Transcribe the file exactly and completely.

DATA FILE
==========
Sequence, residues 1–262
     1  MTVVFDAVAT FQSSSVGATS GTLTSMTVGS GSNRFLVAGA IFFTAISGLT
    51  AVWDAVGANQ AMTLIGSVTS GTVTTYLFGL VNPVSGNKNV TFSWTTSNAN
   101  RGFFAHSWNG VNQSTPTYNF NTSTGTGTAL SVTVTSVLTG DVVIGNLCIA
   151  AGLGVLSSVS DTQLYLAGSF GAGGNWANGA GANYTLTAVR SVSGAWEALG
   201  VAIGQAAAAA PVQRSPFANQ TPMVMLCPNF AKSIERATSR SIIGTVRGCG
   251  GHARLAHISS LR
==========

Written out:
Sequence, residues 1–262
     1  MTVVFDAVAT FQSSSVGATS GTLTSMTVGS GSNRFLVAGA IFFTAISGLT
    51  AVWDAVGANQ AMTLIGSVTS GTVTTYLFGL VNPVSGNKNV TFSWTTSNAN
   101  RGFFAHSWNG VNQSTPTYNF NTSTGTGTAL SVTVTSVLTG DVVIGNLCIA
   151  AGLGVLSSVS DTQLYLAGSF GAGGNWANGA GANYTLTAVR SVSGAWEALG
   201  VAIGQAAAAA PVQRSPFANQ TPMVMLCPNF AKSIERATSR SIIGTVRGCG
   251  GHARLAHISS LR